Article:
AB InBev sells Korean Oriental

Brewer Anheuser-Busch InBev said Thursday it will raise $1.8 billion by selling South Korea's Oriental Brewery to private equity group Kohlberg Kravis Roberts & Co. LP. This will help AB InBev cut down on its huge debt burden.
The Belgian-based owner of Budweiser, the world's best-selling beer, is trying to sell off units to help pay off the loans that funded InBev's $52 billion takeover of Anheuser-Busch that formed the merger company. Oriental Brewery is the second largest brewery in South Korea. It was taken over by Interbrew, the Belgian predecessor to InBev, in 1998.
Anheuser-Busch InBev will continue its relationship with OB (Oriental Brewery) through the exchange of best practices, granting the new owners exclusive licenses to distribute certain brands in South Korea, including Budweiser, Bud-Ice and Hoegaarden, and by having an ongoing interest in OB through an agreed earn out.

Further, AB InBev retains the right (but not the obligation) to reacquire OB within five years after closing of the transaction at pre-determined financial terms.
Carlos Brito, Chief Executive Officer of Anheuser-Busch InBev, said in a press release: "This transaction allows us to unlock value for our stakeholders while preserving a mutually beneficial relationship through ongoing distribution agreements. We have great respect for OB's business, management and employees, and we believe KKR will be a trusted owner and business partner who will contribute to the long term growth of OB and to the success of the beer market in South Korea."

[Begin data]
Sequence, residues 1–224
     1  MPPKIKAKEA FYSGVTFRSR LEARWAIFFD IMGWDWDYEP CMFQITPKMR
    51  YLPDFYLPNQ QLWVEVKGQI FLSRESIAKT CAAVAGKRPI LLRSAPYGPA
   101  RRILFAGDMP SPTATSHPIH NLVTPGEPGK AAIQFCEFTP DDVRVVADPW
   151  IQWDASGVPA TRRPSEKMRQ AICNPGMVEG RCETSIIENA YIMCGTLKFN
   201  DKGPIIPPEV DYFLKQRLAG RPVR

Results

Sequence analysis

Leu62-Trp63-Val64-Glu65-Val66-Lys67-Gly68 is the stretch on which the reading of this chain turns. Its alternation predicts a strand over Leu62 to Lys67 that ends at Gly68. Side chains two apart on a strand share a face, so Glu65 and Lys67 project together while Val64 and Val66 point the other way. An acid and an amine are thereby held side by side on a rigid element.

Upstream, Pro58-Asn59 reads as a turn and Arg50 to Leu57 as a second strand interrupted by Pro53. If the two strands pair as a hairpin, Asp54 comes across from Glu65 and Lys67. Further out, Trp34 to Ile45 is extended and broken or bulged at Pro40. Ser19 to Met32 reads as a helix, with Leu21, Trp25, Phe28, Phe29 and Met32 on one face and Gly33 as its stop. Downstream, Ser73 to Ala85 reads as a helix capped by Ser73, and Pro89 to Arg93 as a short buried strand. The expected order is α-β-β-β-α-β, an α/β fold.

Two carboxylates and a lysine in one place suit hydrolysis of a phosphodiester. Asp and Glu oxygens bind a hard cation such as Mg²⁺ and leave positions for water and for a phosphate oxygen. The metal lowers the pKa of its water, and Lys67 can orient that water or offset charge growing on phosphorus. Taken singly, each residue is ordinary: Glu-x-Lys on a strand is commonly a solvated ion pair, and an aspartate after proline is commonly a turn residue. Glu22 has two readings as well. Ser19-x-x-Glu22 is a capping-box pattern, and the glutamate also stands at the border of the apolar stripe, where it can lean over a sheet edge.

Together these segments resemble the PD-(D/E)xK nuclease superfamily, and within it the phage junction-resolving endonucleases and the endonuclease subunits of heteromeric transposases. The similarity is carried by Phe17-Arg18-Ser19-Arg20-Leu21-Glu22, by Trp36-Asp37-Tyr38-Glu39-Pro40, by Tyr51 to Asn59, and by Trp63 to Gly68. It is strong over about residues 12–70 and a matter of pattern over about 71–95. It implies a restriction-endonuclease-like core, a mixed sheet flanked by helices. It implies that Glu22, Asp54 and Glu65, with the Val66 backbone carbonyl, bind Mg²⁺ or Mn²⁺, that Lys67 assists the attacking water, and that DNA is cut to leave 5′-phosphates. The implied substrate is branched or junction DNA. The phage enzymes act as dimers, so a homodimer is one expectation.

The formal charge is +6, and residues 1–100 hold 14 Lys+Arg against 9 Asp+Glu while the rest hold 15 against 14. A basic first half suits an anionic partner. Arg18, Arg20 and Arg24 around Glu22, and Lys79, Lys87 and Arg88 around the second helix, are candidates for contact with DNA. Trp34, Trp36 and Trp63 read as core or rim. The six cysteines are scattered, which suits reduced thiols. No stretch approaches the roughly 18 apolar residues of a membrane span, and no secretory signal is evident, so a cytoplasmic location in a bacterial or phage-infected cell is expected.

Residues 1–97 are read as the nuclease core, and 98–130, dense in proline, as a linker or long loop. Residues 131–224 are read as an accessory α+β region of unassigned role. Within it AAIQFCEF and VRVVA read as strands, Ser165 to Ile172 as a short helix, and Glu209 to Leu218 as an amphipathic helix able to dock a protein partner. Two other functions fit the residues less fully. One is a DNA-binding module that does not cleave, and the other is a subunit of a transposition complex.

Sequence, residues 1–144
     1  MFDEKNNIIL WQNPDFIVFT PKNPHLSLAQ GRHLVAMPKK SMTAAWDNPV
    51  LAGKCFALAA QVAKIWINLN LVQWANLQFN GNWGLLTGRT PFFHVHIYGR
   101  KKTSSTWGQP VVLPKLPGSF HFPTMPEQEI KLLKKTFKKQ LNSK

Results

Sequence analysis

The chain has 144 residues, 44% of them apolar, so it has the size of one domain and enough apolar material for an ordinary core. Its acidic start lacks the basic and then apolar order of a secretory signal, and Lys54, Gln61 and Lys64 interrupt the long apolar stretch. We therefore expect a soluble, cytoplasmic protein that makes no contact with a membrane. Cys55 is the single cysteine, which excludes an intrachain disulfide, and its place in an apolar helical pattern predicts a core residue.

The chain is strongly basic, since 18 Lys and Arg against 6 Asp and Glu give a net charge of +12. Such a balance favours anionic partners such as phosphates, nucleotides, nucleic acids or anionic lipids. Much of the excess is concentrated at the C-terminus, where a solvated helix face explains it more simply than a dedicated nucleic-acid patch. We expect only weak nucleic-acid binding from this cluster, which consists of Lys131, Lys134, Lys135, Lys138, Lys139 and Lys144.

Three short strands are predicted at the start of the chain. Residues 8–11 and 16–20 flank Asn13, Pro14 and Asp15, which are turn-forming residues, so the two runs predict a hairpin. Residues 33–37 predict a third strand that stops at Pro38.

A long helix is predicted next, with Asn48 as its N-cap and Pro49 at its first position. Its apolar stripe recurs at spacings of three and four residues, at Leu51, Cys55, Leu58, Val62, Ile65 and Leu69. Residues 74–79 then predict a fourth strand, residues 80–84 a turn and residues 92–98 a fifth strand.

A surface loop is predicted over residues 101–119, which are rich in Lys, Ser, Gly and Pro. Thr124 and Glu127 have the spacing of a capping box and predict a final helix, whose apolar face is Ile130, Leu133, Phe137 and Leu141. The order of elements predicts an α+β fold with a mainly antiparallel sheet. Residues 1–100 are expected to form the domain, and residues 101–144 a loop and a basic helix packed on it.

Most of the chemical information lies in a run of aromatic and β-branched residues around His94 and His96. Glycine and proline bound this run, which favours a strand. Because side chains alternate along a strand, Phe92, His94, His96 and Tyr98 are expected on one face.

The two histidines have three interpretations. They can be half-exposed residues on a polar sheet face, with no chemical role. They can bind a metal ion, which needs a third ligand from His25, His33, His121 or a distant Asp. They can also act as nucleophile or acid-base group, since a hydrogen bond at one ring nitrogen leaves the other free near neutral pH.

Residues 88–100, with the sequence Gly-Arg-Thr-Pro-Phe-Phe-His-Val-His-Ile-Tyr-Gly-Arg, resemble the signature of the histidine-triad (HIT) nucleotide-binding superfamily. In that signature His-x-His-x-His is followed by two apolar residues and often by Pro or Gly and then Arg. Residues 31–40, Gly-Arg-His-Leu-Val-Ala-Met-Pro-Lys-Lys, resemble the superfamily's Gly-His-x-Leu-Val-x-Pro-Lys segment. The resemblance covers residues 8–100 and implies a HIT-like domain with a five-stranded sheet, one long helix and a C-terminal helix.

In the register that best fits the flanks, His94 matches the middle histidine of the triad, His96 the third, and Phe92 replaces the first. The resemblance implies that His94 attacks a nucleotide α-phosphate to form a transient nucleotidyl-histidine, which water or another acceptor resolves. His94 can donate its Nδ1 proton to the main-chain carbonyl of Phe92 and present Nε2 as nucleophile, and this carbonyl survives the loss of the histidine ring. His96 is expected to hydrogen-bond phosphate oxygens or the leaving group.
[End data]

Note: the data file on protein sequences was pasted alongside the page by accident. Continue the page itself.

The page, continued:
The divestiture of OB is part of Anheuser-Busch InBev's ongoing de-leveraging program and allows the company to unlock shareholder value, generating proceeds that will e used to repay debt incurred as a result of InBev's acquisition of Anheuser-Busch in November 2008.

First quarter figures

AB-InBev also released first quarter figures for 2009. AB InBev said in a press release that it posted a profit of $783 million for the first three months of the year

However it posted a 7 percent drop in sales to $8.19 billion in the first quarter.  The company said the business environment was "challenging" with beer-making costs rising and sales flat or declining.

But beer is "a very resilient business, even in downturns," AB InBev chief financial officer Felipe Dutra told reporters.

"During downturns what we usually see is a combination of people trading down from wine and spirits into beer, people shifting channels from on-premise into off-premise, staying more at home with friends and family," he said.

The company also announced it would keep focused on high-margin key brands -- such as Budweiser and Stella Artois.